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How, Exactly, Victorian Homes Got the 'Creepy House' Rep

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In honor of Halloween, Co.Design investigates what exactly it is about Victorian homes—the steeped gables, the prodigious chimneys, the mansard roofs, the cornices, dormers, or dentils?—that has made the architectural style synonymous with creepy and/or haunted homes. Art historian Sarah Burns chalks much of it up to cultural precedent set by The Addams Family and Alfred Hitchcock's Psycho.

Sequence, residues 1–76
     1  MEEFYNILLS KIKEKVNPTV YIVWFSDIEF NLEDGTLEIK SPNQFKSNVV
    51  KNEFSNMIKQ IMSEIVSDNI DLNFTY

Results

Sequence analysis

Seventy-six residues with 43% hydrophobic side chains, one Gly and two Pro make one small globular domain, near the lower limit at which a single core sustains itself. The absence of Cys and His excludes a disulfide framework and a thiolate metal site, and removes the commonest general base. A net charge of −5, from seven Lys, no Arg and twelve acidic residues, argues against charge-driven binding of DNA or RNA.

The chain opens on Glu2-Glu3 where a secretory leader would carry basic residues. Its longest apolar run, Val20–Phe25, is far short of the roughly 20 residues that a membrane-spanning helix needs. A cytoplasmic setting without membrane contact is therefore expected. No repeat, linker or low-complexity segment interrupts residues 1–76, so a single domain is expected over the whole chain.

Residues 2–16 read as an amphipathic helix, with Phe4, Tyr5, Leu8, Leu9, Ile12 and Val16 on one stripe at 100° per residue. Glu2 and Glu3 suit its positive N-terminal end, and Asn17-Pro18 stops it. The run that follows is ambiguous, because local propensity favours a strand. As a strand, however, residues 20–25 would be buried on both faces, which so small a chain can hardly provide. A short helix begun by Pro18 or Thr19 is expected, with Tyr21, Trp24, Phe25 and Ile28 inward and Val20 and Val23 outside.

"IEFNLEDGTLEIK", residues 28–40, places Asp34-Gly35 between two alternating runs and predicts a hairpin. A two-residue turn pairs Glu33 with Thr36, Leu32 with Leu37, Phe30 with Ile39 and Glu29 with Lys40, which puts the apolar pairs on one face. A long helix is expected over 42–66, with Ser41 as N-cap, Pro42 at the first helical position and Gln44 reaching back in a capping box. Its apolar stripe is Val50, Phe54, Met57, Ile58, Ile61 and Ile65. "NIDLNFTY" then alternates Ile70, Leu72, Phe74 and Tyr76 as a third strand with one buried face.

She also notes that when the modernists rolled in in the '30s, much of the talk about Victorian homes (that is, closed-planned, intricately laid out piles built by American nouveau riche in the latter half of the 19th century) revolved around how the Victorian era was, in Burns' words, "filthy and creepy and perverse and horrible and monstrous"—so, basically, Frankenstein's monster as a single-family home. Co.Design has the full story, this way.

· Why Are Victorian Houses So Creepy? [Co.Design]
· All Halloween 2014 posts [Curbed National]